Check it out on the calendar-

Ever Your Thimble Servant
Miss Brilliantine

Friday, March 15, 2019

A Bit of Trim

Trim, it has a few meanings.
A fancy applied embellishment an attractive woman... among other things. Oh words, they are reprobate and sublime, they are supine and compliant, or not. They love to be dandled. They are promiscuous, adamantine and changeable. DO NOT lend them money.
The trim I mean is the kind you sew on.
The trim in it's original color and after a dip in robin's egg blue.
I'm finishing a dress for my Sister-in-law to wear to a Victorian ball in Bath. (Everyone can play!) I found some pretty trim with just enough sparkle-ation  but a little neutral in color. To the dye bath!
You can change the backing threads enough to reflect the dress color by giving it a dip in dye. The metal/plastic parts won't change but you may get enough color if threads take the dye.

It's simple and satisfying, I like the dyes from Dharma Trading Co. the colors are lovely and varied.  I have found that a little tan dye takes down the shine of  "metallic" gold trim, it mutes the under threads just enough to be passable.
Ever Your Thimble Servant,
Miss Brilliantine

Tuesday, February 26, 2019

Here's a Pretty Thing

Plique a jour-Translucent enamel work, it can be seen on Faberge eggs, gentleman's cuff links, every kind of jewelry, delicate trinket boxes and buttons.
"But how can I, a mere sewist of reproductions afford such a luxury?", I hear you ask.
You paint them, dear Reader. 
I know you haunt the hobby shops, I know you have friends who play war games with painted armies. The phrase, "Would you like to see my Zulu warrior?" means just that. I know you know a Janissary when you see one. Why be coy, you know your Testor model paints.

Iridescent model paint. The metallic finish gives the lovely finish.

I  love those luscious buttons, colored enamel and metal work. Very expensive if you can find them in sets, but I will show you a creditable substitute and it's easy. I have painted glass and metal buttons, they give slightly different effects but work equally well, I haven't tried it on plastic, but have a go, the paints are made for plastic models.
The top 2 are silver over black glass, painted with purple iridescent paint. The bottom 2 are metal painted with the green.
I sewed the buttons onto a cardboard scrap and painted them with a random brush. No special equipment required. The paint will settle into the low spots, you can dry brush some of the paint off if you want the metal/glass to show through the paint. This paint takes a good 24 hours to cure. I wouldn't risk sewing them on to a garment until they are completely dry.
Cheap metal buttons look fine, when you know the secret.
 I have only used the metallic finish paint. I think the gloss would work well but would look more opaque. Go forth and paint all the buttons!

Ever Your Thimble Servant,
Miss Brilliantine

Sunday, February 10, 2019

Practically Perfect Pleater

Tuck! Press! Sew!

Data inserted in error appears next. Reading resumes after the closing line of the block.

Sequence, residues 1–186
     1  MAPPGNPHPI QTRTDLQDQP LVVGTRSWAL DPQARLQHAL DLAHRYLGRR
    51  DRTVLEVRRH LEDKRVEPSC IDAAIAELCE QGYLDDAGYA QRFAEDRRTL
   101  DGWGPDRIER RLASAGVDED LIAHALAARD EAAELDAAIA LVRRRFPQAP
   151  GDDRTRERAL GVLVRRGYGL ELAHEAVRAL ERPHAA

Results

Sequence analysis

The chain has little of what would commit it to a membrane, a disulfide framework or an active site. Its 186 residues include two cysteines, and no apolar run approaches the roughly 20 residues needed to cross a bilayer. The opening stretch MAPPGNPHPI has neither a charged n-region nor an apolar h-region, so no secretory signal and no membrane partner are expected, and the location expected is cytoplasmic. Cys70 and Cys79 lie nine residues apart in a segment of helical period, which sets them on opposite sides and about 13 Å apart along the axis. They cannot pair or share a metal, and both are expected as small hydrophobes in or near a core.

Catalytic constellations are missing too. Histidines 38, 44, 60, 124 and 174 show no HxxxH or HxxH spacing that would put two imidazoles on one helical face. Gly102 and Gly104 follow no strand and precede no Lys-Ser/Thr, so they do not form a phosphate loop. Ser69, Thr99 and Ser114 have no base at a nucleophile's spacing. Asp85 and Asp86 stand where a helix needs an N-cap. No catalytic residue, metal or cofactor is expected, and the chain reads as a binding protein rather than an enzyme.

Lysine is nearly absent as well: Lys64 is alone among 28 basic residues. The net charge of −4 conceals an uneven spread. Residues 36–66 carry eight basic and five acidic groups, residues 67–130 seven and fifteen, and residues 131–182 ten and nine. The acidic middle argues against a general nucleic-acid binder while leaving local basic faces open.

So easy a monkey could do it.
Sure, most everyone who pleats has a love/hate relationship with the 'Perfect Pleater'. Do we yearn for crisp pleated edges, yes we do. Do we struggle with keeping the fabric tucked in the channel of the pleat above while we wrestle the pleat below. Yes. Some use plastic rulers, others slide a credit card into the channel to keep it neat. I have used a library card and kept faith with put upon heroines from literature.
Reader, I have found a better way! Bones. Two white metal bones, leap frogging over and under as you work your way down the board. It needs a dexterous hand as you have to keep them both tucked in or the fabric will slip.
Why use the talking, when there can be showing.
It works, just be warned the metal gets hot. But I will risk red fingers. The pleating is going along the bottom of the underskirt for my Sis-in-law's ball gown.
Pleat, press, leapfrog the top bone down. The perfect repeating pleater.
The HA way to finish the edges it to 'book' them before you start pleating, that's basically backing the strip of fabric with muslin. No stitching shows and it's nice and stiff. I'll describe my cheat, I don't want to risk censure from the Internet Marms. I press in a 1/4 inch hem on both edges and use the 1/4 inch Stitch Witchery in the hem, done. No stitching shows and it keeps the pleats super crisp.
Tell no one.

I love tools. My father was an engineer so maybe it's genetic, he was a precise person. I have a few tools from his office I still use, rulers, T-squares, pencils. And the best thing ever-
a 48" metal construction ruler. Get one for your birthday, no kidding its the best, use it to cut on the straight or make perfect bias strips. It will also keep fabric from slipping as you cut large pieces.
Measure twice, cut once, construction ruler, you are so wise.

Also found in his office, it has case anyone wants to borrow it.
This is my 90th post! Well, well.

Ever Your Thimble Servant,
Miss Brilliantine